19. 19. Recommended Course Components<br />Communication Policies:<br />Faculty member&apos;s email response time<br />Discussion board and chat room etiquette guidelines<br />Procedures for course questions (i.e. a general Q&A discussion board)<br />
    20. 20. Recommended Course Components<br />Course Specific Information for Students includes:<br />How often students should access site<br />How often students should check course email<br />Reminders to students for checking site for announcements<br />Reading expectations<br />Participation requirements<br />
    21. 21. Recommended Course Components<br />Welcome Statement<br />Overview of course<br />Course tour<br />Getting help<br />Orientation to Your LMS<br />Announcements<br />Calendar<br />
    22. 22.
    23. 23.
    24. 24. Blended Example<br />
    25. 25.
    26. 26.
    27. 27.
    28. 28. Discussion Board and Critical Engagement<br />Susan M. Cannata, University of North Carolina at Pembroke<br />
    29. 29. Main Objectives for Discussion Board<br />To create forums to discuss reading assignments<br />To foster critical engagement with reading assignments<br />To create a site where faculty and students can interact with each other<br />
    30. 30. How to Accomplish Objectives<br />Have a separate site, e.g., assignment descriptions, where you explain what exactly you want in Dboard<br />Provide initial thread/s<br />Model the kinds of posts you want to see<br />Reinforce the good practices of students<br />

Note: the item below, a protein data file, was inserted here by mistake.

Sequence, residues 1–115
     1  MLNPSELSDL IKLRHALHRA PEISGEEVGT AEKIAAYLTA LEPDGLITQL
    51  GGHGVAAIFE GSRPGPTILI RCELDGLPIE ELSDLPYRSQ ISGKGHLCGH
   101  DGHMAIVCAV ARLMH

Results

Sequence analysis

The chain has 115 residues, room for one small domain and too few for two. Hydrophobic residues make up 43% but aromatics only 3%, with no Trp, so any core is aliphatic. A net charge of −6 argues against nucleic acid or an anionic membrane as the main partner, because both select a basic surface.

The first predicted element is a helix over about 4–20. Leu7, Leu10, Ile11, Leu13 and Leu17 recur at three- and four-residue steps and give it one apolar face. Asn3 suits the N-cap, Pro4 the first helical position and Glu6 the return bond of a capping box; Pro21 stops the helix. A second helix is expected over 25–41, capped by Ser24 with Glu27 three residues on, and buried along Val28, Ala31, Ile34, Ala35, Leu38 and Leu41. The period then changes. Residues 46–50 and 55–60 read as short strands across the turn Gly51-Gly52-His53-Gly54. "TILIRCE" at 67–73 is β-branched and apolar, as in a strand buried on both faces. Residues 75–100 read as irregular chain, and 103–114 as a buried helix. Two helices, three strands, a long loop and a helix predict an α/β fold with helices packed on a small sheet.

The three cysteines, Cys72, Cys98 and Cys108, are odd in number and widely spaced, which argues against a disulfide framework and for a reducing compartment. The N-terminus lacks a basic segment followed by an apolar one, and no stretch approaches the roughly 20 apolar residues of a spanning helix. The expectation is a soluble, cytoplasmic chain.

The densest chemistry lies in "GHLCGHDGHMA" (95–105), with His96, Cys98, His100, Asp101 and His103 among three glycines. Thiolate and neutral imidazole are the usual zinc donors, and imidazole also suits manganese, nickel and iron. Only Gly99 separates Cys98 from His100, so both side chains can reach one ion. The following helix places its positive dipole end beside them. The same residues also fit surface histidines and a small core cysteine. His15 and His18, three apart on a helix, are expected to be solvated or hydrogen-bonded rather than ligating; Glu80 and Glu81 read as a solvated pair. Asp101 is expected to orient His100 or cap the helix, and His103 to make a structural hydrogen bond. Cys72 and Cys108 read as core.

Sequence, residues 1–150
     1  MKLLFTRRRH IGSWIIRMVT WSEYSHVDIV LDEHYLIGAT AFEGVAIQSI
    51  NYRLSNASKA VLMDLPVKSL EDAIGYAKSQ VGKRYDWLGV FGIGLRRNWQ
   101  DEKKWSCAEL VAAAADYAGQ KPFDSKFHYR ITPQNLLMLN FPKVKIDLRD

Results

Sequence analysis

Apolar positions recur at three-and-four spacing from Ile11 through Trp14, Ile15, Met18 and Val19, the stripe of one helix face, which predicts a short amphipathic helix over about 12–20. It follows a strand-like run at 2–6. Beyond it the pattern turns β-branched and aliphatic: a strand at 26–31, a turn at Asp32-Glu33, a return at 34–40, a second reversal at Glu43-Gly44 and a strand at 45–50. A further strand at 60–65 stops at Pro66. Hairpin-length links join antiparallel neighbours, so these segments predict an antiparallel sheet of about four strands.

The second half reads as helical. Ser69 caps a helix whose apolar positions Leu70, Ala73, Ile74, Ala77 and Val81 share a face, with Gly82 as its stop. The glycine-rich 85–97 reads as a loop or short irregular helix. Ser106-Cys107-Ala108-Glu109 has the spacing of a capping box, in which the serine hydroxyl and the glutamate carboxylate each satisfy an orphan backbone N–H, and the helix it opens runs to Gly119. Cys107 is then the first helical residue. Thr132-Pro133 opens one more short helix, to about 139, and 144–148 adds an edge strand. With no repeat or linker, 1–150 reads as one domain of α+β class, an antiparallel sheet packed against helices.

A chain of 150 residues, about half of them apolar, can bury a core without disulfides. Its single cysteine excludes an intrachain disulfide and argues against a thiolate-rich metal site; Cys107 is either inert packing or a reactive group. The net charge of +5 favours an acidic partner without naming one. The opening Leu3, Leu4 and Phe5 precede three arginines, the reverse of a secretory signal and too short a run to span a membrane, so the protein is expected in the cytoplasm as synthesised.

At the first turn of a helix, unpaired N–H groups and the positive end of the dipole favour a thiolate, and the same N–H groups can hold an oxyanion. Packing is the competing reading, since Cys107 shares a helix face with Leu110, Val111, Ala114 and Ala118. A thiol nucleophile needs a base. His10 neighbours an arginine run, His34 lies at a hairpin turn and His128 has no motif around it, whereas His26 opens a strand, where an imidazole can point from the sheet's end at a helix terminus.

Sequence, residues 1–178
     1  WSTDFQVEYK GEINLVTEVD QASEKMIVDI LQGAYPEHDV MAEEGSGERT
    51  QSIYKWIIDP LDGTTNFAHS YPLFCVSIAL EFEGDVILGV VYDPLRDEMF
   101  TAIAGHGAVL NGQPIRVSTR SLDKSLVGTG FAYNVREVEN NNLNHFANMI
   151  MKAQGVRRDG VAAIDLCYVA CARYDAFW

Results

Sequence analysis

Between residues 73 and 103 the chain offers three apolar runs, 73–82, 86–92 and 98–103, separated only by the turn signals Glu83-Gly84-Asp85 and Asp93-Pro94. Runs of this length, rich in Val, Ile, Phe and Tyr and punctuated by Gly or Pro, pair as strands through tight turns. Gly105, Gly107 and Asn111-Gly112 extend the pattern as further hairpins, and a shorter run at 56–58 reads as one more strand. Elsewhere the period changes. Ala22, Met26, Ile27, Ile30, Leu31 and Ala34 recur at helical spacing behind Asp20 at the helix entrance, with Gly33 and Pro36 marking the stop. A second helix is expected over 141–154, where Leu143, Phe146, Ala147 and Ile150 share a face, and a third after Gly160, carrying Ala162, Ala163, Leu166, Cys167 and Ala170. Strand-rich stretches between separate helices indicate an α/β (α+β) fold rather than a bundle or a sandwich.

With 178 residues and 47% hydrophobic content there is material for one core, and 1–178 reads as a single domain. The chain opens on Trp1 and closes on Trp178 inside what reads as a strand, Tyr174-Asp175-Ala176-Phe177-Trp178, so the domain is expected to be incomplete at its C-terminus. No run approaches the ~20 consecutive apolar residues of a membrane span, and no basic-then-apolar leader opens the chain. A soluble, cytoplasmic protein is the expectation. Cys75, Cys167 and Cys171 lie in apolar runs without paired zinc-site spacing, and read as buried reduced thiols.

31. 31.
    32. 32.
    33. 33.
    34. 34. What you can also accomplish with DBoard:<br />Use student posts as teaching moments<br />Establish good habits in forums that carry over into other assignments<br />Create a record of discussions for review<br />
    35. 35. Structure Your Availability<br />
    36. 36. Voice Boards and Wikis<br />Jen RileyAcademic Directory of Online Education<br />
    37. 37. Voice Boards<br />Voice Boards<br />Learning objective: students learn pace, tone, and sound of poetry<br />Learning objective: students practice speaking extemporaneously online<br />Learning objective: students practice critical thinking verbally<br />
    38. 38.
    39. 39. Poetry Podcasts<br />
    40. 40. Benefits / Drawbacks<br /><ul><li>Benefits</li></ul>Students learn to “hear” poetry and appreciate hearing classmates’ voices<br />Some students learn more effectively through audio lessons and class is not just static text<br />Technology is easy to learn and use<br />Students can set up a RSS feed to get automatic updates when classmates post<br /><ul><li>Drawbacks</li></ul>20 students X 3-5 minutes each = a lot of listening<br />Not all students learn through listening<br />Students may receive podcast, but no guarantee they listened to it<br />
    41. 41. Wikis<br /><ul><li>What are Wikis?</li></ul>A fully editable web site<br />Open to all (permissions can be enabled)<br />Multiple authors<br />Online discussions<br />Keeps a history of revisions and author’s name<br />Automatic notification of changes in content<br />Ability to review and revert to previous versions<br />